Tuesday, 2 August 2011
Having the stomach for it
Here in Santiago things have been busy. After a few quiet days the number of pilgrims arriving is increasing as the August surge begins. In fact the reordering of the Pilgrims’ Office in its new accommodation has led to greater efficiency and far shorter waiting times for pilgrims. Everyone is pleased. Gossip and rumour about the missing Codex continue to abound in the bars and in the newspapers. The rumour with most currency is that it is an “inside job” perpetrated to embarrass Cathedral officials some of whom are deeply unpopular. I suspect this theory may be wishful thinking.
But I’ve hardly had time for thinking. I’ve unpacked boxes, reluctantly put away camino gear, rearranged the apartment, installed new telephone and internet, become registered to live in Spain, and opened a bank account with a Spanish bank so that I can have a mobile telephone contract with a Spanish provider. I’ve also registered with the Spanish Health Service so that I can see a doctor when I need to and get repeat prescriptions at a discount price as I did in London. To do all of this I’ve been to the police station, local government offices, banks and the medical centre not once but several times. It has been exhausting. Processes which are time consuming in one’s native language are strange, arcane and energy sapping in a different language. I’ve got used to being called a “foreigner” and having to go to the departments which deal with “Extranjeros”. Poco a poco the ingredients essential for permanent daily living here have been coming together.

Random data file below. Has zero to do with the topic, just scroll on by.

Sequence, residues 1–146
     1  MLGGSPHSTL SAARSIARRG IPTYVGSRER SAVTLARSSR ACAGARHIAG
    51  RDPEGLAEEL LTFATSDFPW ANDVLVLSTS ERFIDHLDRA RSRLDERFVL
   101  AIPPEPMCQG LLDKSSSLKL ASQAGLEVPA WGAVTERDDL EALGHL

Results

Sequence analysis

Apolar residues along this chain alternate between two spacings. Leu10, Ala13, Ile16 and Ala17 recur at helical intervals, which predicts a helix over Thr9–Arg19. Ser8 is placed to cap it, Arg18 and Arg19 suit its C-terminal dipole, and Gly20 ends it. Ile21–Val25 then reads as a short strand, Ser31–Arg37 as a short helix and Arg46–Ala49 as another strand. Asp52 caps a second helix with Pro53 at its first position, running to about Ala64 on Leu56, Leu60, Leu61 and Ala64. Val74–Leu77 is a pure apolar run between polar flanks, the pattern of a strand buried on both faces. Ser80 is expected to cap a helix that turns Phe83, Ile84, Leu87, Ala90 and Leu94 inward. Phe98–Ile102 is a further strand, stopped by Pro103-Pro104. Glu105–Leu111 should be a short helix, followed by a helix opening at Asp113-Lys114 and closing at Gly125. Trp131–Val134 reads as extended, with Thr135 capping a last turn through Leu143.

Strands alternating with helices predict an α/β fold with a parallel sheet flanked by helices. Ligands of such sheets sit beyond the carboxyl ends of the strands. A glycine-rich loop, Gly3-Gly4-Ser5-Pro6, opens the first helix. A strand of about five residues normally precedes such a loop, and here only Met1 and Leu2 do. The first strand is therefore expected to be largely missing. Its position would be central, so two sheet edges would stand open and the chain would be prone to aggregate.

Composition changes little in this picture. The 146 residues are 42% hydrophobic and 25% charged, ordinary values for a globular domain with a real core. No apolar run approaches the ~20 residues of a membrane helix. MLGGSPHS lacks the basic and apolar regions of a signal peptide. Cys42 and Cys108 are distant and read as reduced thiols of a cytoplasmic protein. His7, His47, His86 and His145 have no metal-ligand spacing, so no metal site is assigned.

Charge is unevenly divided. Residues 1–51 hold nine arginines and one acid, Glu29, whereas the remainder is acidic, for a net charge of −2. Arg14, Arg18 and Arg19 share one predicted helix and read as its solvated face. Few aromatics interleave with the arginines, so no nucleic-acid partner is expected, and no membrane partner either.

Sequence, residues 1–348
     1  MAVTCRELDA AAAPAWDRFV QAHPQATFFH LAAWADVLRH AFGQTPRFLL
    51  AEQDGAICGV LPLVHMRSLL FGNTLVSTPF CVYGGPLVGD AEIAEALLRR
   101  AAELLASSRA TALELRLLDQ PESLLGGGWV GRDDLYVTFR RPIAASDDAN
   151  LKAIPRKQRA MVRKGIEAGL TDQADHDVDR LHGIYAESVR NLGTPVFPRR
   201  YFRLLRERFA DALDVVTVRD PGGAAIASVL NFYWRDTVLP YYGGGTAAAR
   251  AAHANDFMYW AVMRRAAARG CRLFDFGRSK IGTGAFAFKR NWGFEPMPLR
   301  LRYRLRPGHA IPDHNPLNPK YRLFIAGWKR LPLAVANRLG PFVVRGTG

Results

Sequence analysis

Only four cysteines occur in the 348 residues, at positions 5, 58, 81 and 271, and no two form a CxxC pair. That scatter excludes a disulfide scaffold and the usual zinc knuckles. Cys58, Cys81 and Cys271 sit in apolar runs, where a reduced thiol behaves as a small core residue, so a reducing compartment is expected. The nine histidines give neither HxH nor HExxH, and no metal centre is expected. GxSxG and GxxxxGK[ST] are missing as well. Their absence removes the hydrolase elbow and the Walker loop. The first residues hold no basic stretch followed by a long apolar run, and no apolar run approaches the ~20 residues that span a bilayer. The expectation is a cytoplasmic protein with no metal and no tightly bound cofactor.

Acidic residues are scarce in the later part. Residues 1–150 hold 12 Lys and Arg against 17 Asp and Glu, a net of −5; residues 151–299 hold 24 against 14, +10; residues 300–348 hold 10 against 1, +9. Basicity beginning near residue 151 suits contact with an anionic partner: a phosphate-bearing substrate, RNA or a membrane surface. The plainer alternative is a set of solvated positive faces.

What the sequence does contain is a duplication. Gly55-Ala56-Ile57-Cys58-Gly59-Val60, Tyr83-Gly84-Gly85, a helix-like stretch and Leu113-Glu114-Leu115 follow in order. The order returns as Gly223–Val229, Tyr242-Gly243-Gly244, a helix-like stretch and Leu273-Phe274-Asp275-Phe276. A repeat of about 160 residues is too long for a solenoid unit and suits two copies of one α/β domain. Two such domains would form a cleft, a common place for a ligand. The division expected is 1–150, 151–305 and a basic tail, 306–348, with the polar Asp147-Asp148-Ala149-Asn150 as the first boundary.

There are many new faces in the Pilgrims’ Office and I have been getting to know them as well as starting to work there regularly again. Welcoming fellow pilgrims continues to be rewarding and I am developing ideas about how more volunteers can come to Santiago to provide information and support to pilgrims arriving. However I become increasingly convinced that such volunteers have to have been walking pilgrims themselves. I’ll tell you more about this project as it emerges.
But the magnetism of the camino remains and I miss walking. On Thursday I’m off to walk back to Santiago on the Camino Portuguese from Padron. In the few quiet moments I also been browsing through my photographs from the Camino Levante. Everytime I see the face of some of the people I met on the way I remember vividly what we talked about. I thought I’d share some memories with you:
In the next few days I’ll tell you more about the people I met on the way and what they said. Until then, remember...if you want to make callos take a whole stomach...